The new scheme is aimed at disabled children under five
Families with young disabled children are learning more about a new scheme being adopted in Wales to improve the support they receive.
The Early Support programme is to be introduced over the next three years by umbrella group Children in Wales (CiW).
First developed in England, the scheme is being introduced to Wales at an event at Llandrindod Wells, Powys.
Lynne Hill of CiW said it would provide "real benefits" for disabled children, their families and professionals.
The Early Support programme is aimed at improving the quality, consistency and coordination of services for disabled children under the age of five and their families.
It is designed to ensure that all services provided for these families are well co-ordinated and responsive to their needs.
After the Welsh Assembly Government agreed to implement the programme, Welsh local authorities and health authorities will adopt a package of Early Support materials and training to enable them provide the right support for families.
Lynne Hill, policy director at Children in Wales said: "Having secured the tender to develop the programme, we started work in January and have three years to roll it out across Wales but it's still at an early stage.
"The project was developed in England and one of the challenges we face is fitting it into a Welsh context.
"Ultimately it will be aimed at families who have disabled children aged five and under. If we can get it right at that age, and children and families are able to work with professionals it should run more smoothly after that.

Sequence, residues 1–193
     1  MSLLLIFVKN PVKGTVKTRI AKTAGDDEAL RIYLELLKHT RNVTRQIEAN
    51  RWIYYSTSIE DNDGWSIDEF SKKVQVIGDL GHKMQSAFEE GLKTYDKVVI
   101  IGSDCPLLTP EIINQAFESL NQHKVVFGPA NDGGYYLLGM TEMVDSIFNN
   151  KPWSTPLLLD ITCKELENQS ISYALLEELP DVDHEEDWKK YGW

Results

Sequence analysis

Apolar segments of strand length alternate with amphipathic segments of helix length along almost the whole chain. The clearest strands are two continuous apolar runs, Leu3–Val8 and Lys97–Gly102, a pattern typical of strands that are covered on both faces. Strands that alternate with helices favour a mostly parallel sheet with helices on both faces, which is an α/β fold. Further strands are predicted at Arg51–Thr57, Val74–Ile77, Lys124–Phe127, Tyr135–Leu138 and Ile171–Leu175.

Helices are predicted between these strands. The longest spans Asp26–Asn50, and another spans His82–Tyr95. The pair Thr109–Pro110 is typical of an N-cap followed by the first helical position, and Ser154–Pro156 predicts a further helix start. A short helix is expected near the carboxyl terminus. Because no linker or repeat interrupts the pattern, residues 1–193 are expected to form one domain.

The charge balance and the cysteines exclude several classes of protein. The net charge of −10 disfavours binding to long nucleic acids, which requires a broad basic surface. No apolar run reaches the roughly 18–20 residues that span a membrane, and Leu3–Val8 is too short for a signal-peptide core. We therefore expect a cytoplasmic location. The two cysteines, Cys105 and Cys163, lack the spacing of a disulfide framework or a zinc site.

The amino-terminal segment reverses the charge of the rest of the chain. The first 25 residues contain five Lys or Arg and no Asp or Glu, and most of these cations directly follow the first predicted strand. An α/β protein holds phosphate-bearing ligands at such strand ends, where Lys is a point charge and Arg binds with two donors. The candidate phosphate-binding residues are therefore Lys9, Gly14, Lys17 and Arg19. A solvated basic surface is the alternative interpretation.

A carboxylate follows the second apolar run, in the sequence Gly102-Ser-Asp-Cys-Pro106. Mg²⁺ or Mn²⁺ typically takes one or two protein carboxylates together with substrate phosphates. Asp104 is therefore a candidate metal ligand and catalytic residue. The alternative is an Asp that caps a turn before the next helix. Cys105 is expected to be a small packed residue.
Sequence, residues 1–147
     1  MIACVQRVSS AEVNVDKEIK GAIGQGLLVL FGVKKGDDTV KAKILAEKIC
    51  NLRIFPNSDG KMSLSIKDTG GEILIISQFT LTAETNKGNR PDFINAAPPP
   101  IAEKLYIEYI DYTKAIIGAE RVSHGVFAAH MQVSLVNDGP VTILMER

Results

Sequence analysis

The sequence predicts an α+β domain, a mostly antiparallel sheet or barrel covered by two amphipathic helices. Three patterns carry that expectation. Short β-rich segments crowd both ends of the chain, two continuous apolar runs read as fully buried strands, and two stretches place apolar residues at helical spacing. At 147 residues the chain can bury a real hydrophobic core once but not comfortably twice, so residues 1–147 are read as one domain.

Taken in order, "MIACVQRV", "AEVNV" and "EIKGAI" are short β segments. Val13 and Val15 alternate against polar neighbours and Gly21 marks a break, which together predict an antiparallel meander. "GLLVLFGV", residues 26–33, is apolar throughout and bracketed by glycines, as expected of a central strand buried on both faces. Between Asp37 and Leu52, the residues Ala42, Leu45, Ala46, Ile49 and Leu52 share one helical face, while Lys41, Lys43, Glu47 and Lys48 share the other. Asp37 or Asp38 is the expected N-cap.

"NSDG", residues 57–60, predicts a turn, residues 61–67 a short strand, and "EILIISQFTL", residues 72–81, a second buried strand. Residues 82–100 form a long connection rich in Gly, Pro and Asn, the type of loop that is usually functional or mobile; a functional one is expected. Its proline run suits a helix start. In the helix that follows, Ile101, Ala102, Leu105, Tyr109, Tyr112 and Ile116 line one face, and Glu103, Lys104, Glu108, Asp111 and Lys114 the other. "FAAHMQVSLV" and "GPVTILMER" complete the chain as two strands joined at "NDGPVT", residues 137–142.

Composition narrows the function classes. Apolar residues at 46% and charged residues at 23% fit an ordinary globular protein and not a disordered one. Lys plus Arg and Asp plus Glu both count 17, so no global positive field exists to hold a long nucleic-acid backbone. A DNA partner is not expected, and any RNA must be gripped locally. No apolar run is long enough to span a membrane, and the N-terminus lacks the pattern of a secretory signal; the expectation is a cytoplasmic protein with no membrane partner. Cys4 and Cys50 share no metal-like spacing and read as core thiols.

"This is one of three launch events to begin to talk to parents and professionals working across the field about what we are doing. We will be pulling people in to support local authorities."
Ms Hill explained that as part of the scheme significant resources would become available both for families with disabled children and professionals.
She said: "We are confident that young disabled children and their families, and the practitioners that support them will see real benefits from the programme.
"We hear stories of disabled children who have 10 or 12 professionals coming into their home and each one wants to take a case history from scratch and that is quite disempowering for the children.
"The family is at the centre of this project. They will be able to feed in all the information about the disabled child once and all the professionals will be able to access that. It's about working together.
"It's about offering professionals support to help them with their work, it's not another project that's just going to land on them."
The full launch for the Early Support programme will be held in September, attended by Children's Minister Jane Hutt and Keith Towler, the children's commissioner for Wales.